A wall that hides what’s on the other side because the children are too short…until one day Suri can see over the wall and must decide whether to tell the others…
Title: Suri’s Wall
Author: Lucy Estela
Illustrator: Matt Ottley
ISBN: 9780670077755 Language: English
Classification: Fiction with realistic elements
Themes: isolation, imagination
What’s it about?
This story is about a group of children who live behind a wall – separated from the rest of the world outside. Suri is different from the other children as she is so much taller than they are. She plays alone, sleeps alone…and then one day she can see exactly what is over the wall. When the other children begin to ask what is over the wall she tells them beautiful descriptions – which are far from the reality of what is actually there.
The story is told in short paragraphs on each page which does help to keep the pace of the story moving. I also like the illustration style which is moody and not overly happy with bright colours.
Disconnection. I’ll try and explain it better below but at times the story just doesn’t ‘work’.
I was intrigued by this book because of the current issue of detention centres, which according to the author, was part inspiration for this story. The story is nice…yes, nice…she gives hope to the other children about the world beyond the wall. She gives them hope about a better life…but as the guard says towards the end of the book – they will find out the truth one day. This is perhaps one of the issues I have with the book.
I get that children in situations like this need hope but to me this book is walking a fine line between giving hope…and straight out lying. And I struggled to connect to the story…as you’re probably realising with my comments. For instance, let’s look at Suri…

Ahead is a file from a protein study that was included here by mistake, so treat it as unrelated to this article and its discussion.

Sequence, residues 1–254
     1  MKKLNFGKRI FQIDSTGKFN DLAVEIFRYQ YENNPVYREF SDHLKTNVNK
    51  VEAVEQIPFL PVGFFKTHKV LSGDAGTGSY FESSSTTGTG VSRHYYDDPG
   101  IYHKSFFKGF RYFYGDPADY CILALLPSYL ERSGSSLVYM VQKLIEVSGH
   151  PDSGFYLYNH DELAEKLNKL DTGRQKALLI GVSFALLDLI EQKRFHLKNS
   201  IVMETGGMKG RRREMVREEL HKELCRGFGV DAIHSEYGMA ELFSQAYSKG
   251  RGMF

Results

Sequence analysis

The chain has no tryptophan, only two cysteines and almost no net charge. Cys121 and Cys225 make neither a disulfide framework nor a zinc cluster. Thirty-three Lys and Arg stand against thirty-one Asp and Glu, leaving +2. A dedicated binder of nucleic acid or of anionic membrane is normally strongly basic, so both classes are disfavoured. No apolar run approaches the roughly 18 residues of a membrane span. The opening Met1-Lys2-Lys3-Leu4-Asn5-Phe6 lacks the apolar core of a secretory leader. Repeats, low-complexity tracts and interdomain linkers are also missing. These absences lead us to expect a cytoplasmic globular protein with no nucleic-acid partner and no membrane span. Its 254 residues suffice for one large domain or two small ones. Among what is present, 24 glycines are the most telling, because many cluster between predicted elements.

I don’t know how old Suri is – the pictures are inconclusive and she could be 7 or she could be 12 – because of her height it is ambiguous. There is little told about who Suri is – appearance is superficial – for children to connect we need more! Who are her parents? Where are they? Why is she behind the wall?
Of course then there is the time placement. At the beginning of the book I sensed it being modern…by the middle I was back in the 30s/40s…and then the ships are pictured and I think “Spanish Armada” – huh? To me that completely destroys the concept – I don’t get it.
When everything is gone…the guard is still there…sorry, but it just doesn’t make sense. If the town is destroyed the life behind the wall would be too – Where would supplies come from? Why were they untouched?
Which brings me to – what is the point of the story? To tell pretty stories to others? To give hope? To become a convincing liar?
I’ve marked this book as grade 3-6 because in terms of the questions above it can be used to create a lot of thought and debate about who they are and why. The descriptive passages likewise are great pieces to be used for activities on scene building in a story and to have students practise writing their own. The book does have a lot of potential but to me, it missing the mark; it is disconnected.